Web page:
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MELAS is an acronym for mitochondrial myopathy, encephalopathy, lactic acidosis, and stroke. It is a progressive neurodegenerative disorder. Other clinical features include diabetes mellitus, deafness, episodic vomiting, seizures, and cortical blindness.

In the US adult population, the frequency is approximately 16.3:100,000. Internationally, the prevalence is approximately 10.2:100,000 in the Finnish population. Affects males and females between the ages of 4 and 15 years.

Mitochondrial; the incidence of affected children is dependent upon maternal mutant load. It is a large heterogeneic syndrome with possible mutation of many genes such as MTTL1, MTND6, and MTTQs.

Multiple organ systems involved are the central nervous system, skeletal muscle, eye, cardiac muscle, and, more rarely, the gastrointestinal system. Approximately 80% of patients with the clinical characteristics of MELAS have a heteroplasmic A-to-G point mutation in the dihydrouridine loop of the tRNALeu (UUR) gene at base pair 3243 (i.e., A3243G mutation). Mitochondrial angiopathy of a small vessel is responsible for contrast enhancement of affected regions and mitochondrial abnormalities of endothelial cells and smooth muscle cells of blood vessels. The multisystem dysfunction may be a result of both parenchymal and vascular oxidative phosphorylation defects. The effect of potent vasodilators (e.g., nitric oxide) may be offset by increased production of free radicals in association with an oxidative phosphorylation defect leading to vasoconstriction. Defect of the respiratory chain enzymes, mainly the reduced form of nicotinamide adenine dinucleotide (NADH)-cytochrome c reductase (complex I).

Usually based on clinical criteria; lactate levels are elevated at rest and increase further with minimal exercise. Demonstration of ragged-red fibers on muscle biopsy. Electronic microscopy may show abnormal mitochondria and mitochondrial DNA (mtDNA) testing (80% have a mutation at base 3243 and 10% at base 3271). The stroke-like episodes usually are associated with infarcts exhibited on head CT scan or MRI. These infarcts have been hypothesized to be nonvascular and caused by transient oxidative phosphorylation dysfunction within the brain parenchyma.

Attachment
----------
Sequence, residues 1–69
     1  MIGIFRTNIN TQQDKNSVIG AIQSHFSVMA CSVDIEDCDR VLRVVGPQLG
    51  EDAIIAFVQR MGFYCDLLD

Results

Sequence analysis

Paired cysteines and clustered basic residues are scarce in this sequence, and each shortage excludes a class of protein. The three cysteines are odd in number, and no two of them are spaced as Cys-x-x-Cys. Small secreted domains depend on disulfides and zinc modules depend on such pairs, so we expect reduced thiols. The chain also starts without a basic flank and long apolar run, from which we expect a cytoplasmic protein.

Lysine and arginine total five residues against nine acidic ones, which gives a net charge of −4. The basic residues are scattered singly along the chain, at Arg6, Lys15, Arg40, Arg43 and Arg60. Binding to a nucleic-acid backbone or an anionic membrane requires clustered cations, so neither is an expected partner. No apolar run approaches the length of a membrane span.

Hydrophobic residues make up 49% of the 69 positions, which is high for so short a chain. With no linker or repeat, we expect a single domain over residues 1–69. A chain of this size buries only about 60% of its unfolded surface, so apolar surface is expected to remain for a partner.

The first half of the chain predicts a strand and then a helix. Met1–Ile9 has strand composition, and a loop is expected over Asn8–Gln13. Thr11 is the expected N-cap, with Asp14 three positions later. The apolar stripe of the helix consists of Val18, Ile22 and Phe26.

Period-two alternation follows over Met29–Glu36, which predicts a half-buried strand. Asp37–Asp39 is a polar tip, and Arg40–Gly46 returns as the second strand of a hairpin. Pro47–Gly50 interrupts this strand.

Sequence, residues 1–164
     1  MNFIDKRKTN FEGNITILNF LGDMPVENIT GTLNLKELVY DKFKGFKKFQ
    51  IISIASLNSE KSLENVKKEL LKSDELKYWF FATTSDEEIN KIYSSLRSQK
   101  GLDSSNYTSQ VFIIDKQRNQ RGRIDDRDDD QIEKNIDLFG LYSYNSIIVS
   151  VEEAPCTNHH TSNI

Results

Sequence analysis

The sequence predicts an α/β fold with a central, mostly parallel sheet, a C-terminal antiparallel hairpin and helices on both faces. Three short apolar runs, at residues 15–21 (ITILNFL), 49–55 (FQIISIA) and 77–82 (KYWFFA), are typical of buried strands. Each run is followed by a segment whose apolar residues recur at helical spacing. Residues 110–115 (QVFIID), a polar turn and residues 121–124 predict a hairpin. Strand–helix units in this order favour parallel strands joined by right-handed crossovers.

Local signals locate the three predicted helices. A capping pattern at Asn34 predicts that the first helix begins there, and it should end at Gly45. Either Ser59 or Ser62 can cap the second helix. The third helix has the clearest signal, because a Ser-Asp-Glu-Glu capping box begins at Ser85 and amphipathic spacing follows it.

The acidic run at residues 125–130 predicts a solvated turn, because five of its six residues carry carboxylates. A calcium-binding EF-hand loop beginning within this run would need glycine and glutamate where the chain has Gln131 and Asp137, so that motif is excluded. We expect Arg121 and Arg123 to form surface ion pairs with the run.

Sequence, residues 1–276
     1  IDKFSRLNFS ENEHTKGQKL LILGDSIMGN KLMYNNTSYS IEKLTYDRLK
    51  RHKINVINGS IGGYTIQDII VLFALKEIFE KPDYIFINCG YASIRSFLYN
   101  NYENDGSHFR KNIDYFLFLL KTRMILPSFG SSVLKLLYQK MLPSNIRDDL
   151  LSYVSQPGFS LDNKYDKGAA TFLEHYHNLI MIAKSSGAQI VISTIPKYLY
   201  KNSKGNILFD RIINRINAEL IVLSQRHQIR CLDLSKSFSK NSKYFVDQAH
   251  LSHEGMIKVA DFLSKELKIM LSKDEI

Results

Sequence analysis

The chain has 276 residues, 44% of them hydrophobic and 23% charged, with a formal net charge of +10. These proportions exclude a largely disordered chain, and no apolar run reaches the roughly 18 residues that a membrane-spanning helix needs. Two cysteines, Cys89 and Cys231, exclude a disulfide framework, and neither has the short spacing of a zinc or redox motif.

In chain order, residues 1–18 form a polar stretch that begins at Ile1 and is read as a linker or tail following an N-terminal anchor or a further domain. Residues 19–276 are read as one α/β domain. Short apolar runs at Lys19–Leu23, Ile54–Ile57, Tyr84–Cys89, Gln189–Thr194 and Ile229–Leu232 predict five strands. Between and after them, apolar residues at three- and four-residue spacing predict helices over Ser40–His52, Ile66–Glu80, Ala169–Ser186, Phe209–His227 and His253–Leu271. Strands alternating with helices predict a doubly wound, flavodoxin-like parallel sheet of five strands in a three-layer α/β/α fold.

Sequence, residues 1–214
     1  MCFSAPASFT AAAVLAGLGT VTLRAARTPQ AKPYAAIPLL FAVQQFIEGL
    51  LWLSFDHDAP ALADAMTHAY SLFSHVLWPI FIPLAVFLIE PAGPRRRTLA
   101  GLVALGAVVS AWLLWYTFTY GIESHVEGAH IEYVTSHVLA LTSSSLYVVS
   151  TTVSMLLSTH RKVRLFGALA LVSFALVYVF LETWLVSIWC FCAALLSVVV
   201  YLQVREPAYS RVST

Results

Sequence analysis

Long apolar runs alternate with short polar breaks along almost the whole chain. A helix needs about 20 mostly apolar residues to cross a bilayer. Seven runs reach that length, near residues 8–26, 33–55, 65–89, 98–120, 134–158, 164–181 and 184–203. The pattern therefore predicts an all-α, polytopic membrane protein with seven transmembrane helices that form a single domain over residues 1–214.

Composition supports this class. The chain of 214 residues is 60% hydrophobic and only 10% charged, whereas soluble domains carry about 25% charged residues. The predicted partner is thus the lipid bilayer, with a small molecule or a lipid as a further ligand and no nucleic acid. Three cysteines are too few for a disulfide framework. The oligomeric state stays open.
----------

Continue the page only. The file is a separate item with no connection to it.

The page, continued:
These children have normal early development. Onset is most often during the second decade but can be seen as early as age 4 years. The severity and form of presentation vary considerably and depend on maternal mutant mitochondrial load. The main features include subsequently poor growth and fatigability with muscle weakness. There is progressive episodic vomiting, seizures, and recurrent cerebral insults mimicking strokes and causing hemiparesis, hemianopsia, or cortical blindness. The most frequent symptom is episodic sudden headaches with vomiting and convulsions. Myopathy is associated with lactic acidosis in blood and cerebrospinal fluid. Most of the allelic variants are described with atrioventricular block, Wolff-Parkinson-White syndrome, or cardiomyopathy. Multihormonal hypopituitarism may be present. Alterations of the skin (purpura and hirsutism) occur in 45% of cases. The clinical diagnosis is based on five cardinal manifestations: clinical stroke, seizures, lactic acidosis, ragged-red fibers, and exercise intolerance.

The diagnosis of mitochondrial disease should be considered in any child with a multisystem neurologic ...

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